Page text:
Of concern, according to DODMA, is that these events are now increasing in frequency, scope and gravity, further draining poor countries like Malawi of financial resources that could have been used to lift their people out of poverty.


These unpleasant events are occurring at a time when developing countries in the Sub-Saharan region adopted the United Nations Sustainable Development Goals (SDGs), which, among others, call on nations—poor or rich—to promote prosperity while protecting the environment and tackling climate change.


In 2015, all United Nations member states adopted the SDGs as a universal call to action to end poverty, protect the planet and ensure that all people enjoy peace and prosperity by 2030.


However, Malawi seems to be grappling with the natural disasters, mainly floods, with more resources being channeled towards post-disaster activities.


Over the past two decades, according to the Dodma, the country has experienced more than 19 major floods and seven droughts, with these events increasing in frequency, magnitude and scope.


In 2019, heavy rains and flooding linked to Cyclone Idai killed 60 people, displaced nearly 87,000 and affected the livelihoods of around 870,000 people in Malawi.


Over US$370 million (over K2.7 billion] was needed to cope with the loss and help the vulnerable households.  Education also suffered as schools were shut down in the affected areas.


Meanwhile, the World Bank Climate Profile of Malawi states that Malawi is more prone to adverse climate hazards including dry spells, seasonal droughts and floods.


Likewise, climate change, according to a 2021 study by Nature Geoscience, is causing an expansion of tropical cyclones, leaving other countries more vulnerable.


These changes have major implications for human welfare and threaten to undermine development gains across sectors.


This also means that more people are prone to these extreme weather events. And mostly, the poorest and vulnerable communities—both in rural and urban areas—suffer the most.


Center for Environmental Policy and Advocacy (CEPA) believes disasters such as floods and droughts are a genuine threat to the advancement of any development agenda and in this case, they pose a very big threat in as far as Malawi’s efforts to attain the SDGs are concerned.


CEPA Executive Director, Hebert Mwalukomo, says government and its stakeholders need to work towards reducing the risks that are associated with disasters, reducing loss of life and loss of infrastructure.


“We need to minimize all this and we need a solid law that can empower authorities to move communities from flood prone areas to other places considered safe.


”We wouldn’t have been in this situation if we had the law in place. Days of focusing on disaster response are gone. We cannot keep on giving people packets of sugar and plastic buckets; that is not sustainable,” says Mwalukomo.


In his nation address on environment on 19th October, 2020, Chakwera promised to fast-track and present the Disaster Risk Management Bill “during the next sitting of the National Assembly”.


But the Bill is yet to be tabled in Parliament; 10 years after processes were finalized.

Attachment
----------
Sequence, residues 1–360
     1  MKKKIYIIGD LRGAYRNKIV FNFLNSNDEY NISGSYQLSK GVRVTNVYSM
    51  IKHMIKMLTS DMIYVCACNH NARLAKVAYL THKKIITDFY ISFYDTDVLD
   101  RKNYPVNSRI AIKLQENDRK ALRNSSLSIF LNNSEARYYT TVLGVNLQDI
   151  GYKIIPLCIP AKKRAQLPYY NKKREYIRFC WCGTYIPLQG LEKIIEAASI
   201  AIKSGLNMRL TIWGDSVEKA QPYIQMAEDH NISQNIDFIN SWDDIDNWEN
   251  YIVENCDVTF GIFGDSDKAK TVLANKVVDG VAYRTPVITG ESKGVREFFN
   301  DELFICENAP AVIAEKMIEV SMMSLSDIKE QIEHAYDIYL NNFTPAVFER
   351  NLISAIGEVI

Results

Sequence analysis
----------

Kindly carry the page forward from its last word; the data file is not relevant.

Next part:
“The very fact that we missed the Presidential deadline or directive he had given that by February 2021, this Bill should have been passed, it means someone, somewhere is not doing their job and we cannot continue like that,” says Mwalukomo.


Zeroing on education, Civil Society for Education Coalition (CSEC) observes that the effects of climate change are depriving learners of their right to education as some classrooms serve as refuge centers.


“The net effect of the floods that have happened in the Southern Region raises a serious concern because classes that ought to use such facilities are suspended.


“We are depriving learners of their right to education. Their counterparts in other schools are learning yet by the end of the day, especially for examinable classes, they will sit for the same examination,” says Benedicto Kondowe, CSEC Executive Director.


Kondowe, therefore, suggests that government should have refuge centers so that when communities are affected they should just be moved straight to these centers.


“I think this is particularly applicable for places that are affected by floods every year. We know those places.

“But also in the event that these refuge centers have not already been put up, it would be important that as soon as possible [may be within two days or maximum of five days] the affected communities should be moved from the schools to the tents that are expeditiously put up. If we do that we will also be able to protect the right to education of the learners,” explains Kondowe.


Sustainable Development Goal III compels nations to promote well-being for all at all ages. Further to that, Global goal number IV calls for inclusive and equitable quality education, and the need to promote lifelong learning opportunities for all.


The Malawi 2063, government’s official document and roadmap detailing how exactly Malawi will become a self-reliant nation, aspires to develop systems to break the cycle of environmental degradation and increase resilience. These include integration of disaster risk reduction and financing into sustainable development and planning as well as the promotion of climate change adaptation, mitigation, technology transfer and capacity building for sustainable livelihoods through Green Economy measures.


But for now, for Jane and hundreds of children at Bangula Admarc camp in Nsanje alongside several others in rural Africa, the UN SDGs on education, poverty reduction and prosperity, among others, are but a probable luxury for the rich.